Dr. Radcliffe had similar sentiments, and states that when medicating patients with high IOP and thick corneas, often their IOP only appeared to change slightly with GAT. But when he measured those same patients with CATS, their IOP dropped more substantially because its measurements are more independent of corneal thickness. “CATS provides a purer IOP measurement without contaminating it with corneal hysteresis and thickness biometrics,” he says.

The device also comes in a disposable version. The curved finger/thumb hold of the prism body allows for single-hand, no-touch sterile operation. The CATS prism body engages the sterile prism tip in the tray with a tactile “click.” After IOP measurement, the tip is thumb released into the trash, and the process is repeated.


The CATS tonometer was designed to indicate prism alignment and centration with the corneal surface, whereas the GAT prism is subjectively centered. “Only when the prism is centered on the cornea is a measurement possible, allowing the mires to intersect,” Dr. McCafferty says. “At that point the visualization appears like the normal hemicircular mires, which clinicians are familiar with. By having an objective centration indicator, the CATS prism improves accuracy and repeatability.”

Furthermore, mire thickness doesn’t affect IOP measurement. “The CATS design (where the surface curves away from the cornea) minimizes tear film error,” Dr. McCafferty says. “Clinicians will visualize consistent mire thickness using the CATS with every measurement regardless of the amount of tears in a patient’s eye.”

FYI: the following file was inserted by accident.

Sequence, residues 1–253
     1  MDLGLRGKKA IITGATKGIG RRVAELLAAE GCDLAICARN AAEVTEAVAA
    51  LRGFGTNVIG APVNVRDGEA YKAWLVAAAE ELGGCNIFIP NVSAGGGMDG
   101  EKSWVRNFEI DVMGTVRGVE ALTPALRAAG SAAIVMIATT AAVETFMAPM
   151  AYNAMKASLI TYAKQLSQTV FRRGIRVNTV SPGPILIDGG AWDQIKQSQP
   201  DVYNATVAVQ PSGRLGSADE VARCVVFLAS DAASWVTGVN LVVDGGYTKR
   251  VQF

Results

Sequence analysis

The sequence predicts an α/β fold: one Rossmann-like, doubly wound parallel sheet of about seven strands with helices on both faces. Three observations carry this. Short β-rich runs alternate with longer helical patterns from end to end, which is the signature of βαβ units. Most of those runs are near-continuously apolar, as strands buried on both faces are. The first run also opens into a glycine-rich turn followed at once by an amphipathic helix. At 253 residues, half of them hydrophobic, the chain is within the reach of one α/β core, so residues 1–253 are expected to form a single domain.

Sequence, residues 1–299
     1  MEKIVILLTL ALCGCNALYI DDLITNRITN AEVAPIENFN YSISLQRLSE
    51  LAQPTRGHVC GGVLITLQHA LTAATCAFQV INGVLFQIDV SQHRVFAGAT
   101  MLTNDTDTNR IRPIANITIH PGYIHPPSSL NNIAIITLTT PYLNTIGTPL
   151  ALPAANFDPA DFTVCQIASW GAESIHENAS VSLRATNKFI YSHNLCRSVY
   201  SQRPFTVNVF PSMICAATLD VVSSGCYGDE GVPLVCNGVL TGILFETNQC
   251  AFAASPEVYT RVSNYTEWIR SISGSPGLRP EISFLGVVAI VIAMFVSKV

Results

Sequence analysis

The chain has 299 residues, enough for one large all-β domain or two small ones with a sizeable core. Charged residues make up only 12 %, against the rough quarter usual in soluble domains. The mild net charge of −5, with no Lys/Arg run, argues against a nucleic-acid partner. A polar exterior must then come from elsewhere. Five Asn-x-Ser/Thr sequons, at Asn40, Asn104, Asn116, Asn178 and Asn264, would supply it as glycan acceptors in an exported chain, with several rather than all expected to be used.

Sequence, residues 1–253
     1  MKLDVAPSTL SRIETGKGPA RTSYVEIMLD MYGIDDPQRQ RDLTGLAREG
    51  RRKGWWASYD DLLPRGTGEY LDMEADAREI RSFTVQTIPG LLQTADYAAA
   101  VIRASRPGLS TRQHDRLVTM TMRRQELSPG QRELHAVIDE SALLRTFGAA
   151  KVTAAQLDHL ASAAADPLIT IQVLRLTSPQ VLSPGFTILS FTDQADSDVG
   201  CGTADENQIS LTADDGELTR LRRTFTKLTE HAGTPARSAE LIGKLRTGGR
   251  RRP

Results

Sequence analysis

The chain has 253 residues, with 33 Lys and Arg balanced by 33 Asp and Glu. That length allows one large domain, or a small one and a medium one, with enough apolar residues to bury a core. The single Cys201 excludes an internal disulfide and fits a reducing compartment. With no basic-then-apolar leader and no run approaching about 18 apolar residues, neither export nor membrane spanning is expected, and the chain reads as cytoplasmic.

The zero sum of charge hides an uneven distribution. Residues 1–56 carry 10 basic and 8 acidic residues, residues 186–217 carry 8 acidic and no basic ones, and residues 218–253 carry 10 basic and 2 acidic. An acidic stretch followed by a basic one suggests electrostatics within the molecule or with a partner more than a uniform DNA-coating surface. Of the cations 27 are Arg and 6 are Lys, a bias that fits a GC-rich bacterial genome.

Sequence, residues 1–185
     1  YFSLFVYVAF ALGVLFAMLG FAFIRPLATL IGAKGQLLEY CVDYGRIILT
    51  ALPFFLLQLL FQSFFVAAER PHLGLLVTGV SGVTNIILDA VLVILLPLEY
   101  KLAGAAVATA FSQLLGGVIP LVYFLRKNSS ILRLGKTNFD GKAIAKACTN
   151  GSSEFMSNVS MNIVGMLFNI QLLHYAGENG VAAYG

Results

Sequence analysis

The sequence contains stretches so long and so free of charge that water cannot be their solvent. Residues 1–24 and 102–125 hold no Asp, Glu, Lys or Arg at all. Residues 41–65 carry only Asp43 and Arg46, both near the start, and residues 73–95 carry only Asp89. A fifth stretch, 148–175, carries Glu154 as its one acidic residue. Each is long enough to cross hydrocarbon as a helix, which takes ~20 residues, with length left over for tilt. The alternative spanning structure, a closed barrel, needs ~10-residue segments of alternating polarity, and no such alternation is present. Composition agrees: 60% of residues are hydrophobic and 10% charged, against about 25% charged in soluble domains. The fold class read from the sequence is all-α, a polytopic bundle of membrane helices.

Mires will appear brighter and easier to visualize because the clear flange at the base of the CATS prism tip works like a light pipe, concentrating the cobalt blue filtered light to the prism’s applanation surface — which illuminates the mires. “This makes it easier to get a confident measurement,” Dr. Berdahl says.

When he used CATS on patients who were tough to treat, Dr. Radcliffe says their IOP measurements made much more sense.


FDA cleared, the CATS Tonometer prism’s performance is backed by 7 peer-reviewed journal articles. “All of the studies support the decreased sensitivity to human biomechanical corneal-related errors with the use of the CATS prism compared to the GAT prism,” Dr. McCafferty says.

One of the studies included an intracamera comparison performed by the National Institutes of Health, in which a pressure transducer was placed in 58 patient eyes and their IOP was measured. Results were compared between the Goldmann and CATS tonometers. The study showed that the CATS prism was significantly more accurate when compared to true intra-cameral pressure.1

If clinicians want to do their own assessment, Dr. McCafferty recommends they compare the GAT IOP to the CATS IOP measurement on patients in whom they question the true IOP, such as those with thin corneas or who have undergone LASIK surgery. “The CATS IOP will generally measure the expected CCT corrected GAT IOP,” he says. “Because the CATS also simultaneously corrects for 3 other corneal-related errors in addition to CCT, some variation in its correction will exist.”

Given its capabilities, Dr. McCafferty concludes by saying, “I believe CATS will rapidly supplant the legacy prism and become the new standard of care for IOP measurement on a worldwide basis for all ophthalmology and optometry clinicians and all patient populations.”

Dr. Radcliffe concurs, adding, “CATS is inexpensive. I believe in 5 to 10 years that it will become the standard prism.” GP


  1. McCafferty S, Levine J, Schwiegerling J, Enikov ET. Goldmann and error correcting tonometry prisms compared to intracameral pressure. BMC Ophthalmology. 2018;18(1):2.